Adm. Holloway: There are several possibilities: we could lay mines, we could seize a North Korean flag vessel or a fishing boat. But seizing a fishing boat might be beneath our dignity. The North Koreans have 34 commercial flag vessels. None of them are in our ports or allied ports. We have only been able to locate 9 of them so the remainder are probably in North Korean waters.

There is also the possibility of a combined exercise with the South Koreans. It would take a minimum of four days to set this up. We could also send in a carrier task group. The Midway could be there between 48-72 hours. It is in Yokosuka now. They could have a missile-shoot off the coast.

Secretary Kissinger: I like the idea of cutting the tree down. We should generate our forces first and then cut it down. We should also go on a higher alert. Let’s put our forces on DEFCON 3 tonight and get a plan for cutting down the tree from Stilwell. (to Adm. Holloway) Can you start gearing up the B-52 run?

Adm. Holloway: Yes.

Secretary Kissinger: We need to know what forces Stilwell needs to cut the tree down.

Adm. Holloway: There are two difficult decisions before us. At what point do we stop putting in reinforcements? In the past when we have moved in men they have acted reciprocally and vice versa. At what point would we stop? The next question is the use of firearms. In this recent incident both sides had firearms that were not used.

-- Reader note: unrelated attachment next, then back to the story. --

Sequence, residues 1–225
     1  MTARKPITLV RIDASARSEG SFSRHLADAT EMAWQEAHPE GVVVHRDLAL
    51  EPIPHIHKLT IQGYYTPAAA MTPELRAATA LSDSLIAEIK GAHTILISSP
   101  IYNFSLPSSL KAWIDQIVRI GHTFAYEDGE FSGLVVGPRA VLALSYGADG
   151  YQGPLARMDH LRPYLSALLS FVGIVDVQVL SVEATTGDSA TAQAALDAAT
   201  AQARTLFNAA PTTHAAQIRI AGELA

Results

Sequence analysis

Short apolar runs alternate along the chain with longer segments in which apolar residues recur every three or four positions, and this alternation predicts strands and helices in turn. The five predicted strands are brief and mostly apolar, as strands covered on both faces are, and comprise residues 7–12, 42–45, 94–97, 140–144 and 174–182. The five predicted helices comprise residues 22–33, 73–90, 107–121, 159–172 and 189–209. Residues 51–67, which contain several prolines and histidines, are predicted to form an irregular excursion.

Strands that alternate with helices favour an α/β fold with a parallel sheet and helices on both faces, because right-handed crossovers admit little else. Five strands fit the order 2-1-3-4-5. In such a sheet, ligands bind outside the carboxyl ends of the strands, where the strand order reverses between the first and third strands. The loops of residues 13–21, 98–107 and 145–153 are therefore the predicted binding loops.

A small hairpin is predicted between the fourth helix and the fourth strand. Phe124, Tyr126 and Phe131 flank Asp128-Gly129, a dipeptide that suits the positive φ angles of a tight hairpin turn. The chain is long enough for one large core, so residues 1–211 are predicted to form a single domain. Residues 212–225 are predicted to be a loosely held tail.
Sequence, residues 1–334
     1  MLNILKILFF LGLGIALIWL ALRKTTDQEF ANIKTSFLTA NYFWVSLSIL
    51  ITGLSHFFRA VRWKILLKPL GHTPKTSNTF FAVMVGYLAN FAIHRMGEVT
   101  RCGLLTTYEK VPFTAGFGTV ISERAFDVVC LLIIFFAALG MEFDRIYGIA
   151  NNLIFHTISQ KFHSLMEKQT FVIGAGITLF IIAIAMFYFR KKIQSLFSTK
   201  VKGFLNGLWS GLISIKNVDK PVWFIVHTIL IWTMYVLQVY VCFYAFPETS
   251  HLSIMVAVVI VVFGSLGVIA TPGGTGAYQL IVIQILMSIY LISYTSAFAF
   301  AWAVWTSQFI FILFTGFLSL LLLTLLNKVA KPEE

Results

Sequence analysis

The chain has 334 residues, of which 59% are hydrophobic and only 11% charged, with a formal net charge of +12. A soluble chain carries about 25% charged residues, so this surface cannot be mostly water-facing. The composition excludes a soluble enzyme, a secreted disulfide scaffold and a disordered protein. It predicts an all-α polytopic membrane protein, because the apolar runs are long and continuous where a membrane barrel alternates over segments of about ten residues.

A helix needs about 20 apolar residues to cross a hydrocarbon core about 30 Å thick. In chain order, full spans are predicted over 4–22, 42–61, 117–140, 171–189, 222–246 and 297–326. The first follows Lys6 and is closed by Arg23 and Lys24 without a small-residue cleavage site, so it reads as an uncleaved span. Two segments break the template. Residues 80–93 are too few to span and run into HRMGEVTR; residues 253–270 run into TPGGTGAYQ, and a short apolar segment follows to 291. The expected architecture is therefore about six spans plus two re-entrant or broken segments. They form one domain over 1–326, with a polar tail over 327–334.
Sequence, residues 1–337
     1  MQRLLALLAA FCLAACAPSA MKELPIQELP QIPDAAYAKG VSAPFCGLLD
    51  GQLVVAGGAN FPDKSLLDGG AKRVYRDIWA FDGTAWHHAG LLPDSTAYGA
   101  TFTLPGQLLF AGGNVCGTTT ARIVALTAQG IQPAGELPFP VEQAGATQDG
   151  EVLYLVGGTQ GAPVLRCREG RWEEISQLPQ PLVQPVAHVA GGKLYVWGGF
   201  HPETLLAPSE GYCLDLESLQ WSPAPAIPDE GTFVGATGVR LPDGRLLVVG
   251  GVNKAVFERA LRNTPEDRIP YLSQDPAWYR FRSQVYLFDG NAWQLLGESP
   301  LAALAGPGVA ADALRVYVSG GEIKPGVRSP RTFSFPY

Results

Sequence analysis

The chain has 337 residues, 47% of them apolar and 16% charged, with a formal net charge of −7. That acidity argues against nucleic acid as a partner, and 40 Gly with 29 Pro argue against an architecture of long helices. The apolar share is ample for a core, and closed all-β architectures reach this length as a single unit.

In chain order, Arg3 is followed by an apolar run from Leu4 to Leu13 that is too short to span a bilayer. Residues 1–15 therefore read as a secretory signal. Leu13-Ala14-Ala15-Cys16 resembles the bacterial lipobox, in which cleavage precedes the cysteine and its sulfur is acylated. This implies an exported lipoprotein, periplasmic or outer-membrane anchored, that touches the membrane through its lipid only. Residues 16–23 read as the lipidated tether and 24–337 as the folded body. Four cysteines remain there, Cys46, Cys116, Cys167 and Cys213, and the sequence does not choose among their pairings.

Secretary Kissinger: If I had been one of those men and was being beaten to death, I would have used a firearm.

Mr. Habib: They were attacked from behind and had no chance.

Adm. Holloway: Most of these men are Vietnam veterans. They were taught there to die before violating the rules of engagement.

[Page 08]

Mr. Habib: Stilwell knows the estimated forces and that we can’t move men without violating the agreement. If there was a fight there would be a need for reinforcements from outside of the zone.

Mr. Hyland: Should we reinforce the company?

Mr. Habib: The Koreans are the main force in the Zone. Stilwell will have to tell us what to do.

Secretary Kissinger: Who consults with the South Koreans?

Mr. Habib: Stilwell.

Hyland: We need to send a message to Stilwell telling him not to go ahead with the letter and to prepare a plan for cutting down the tree.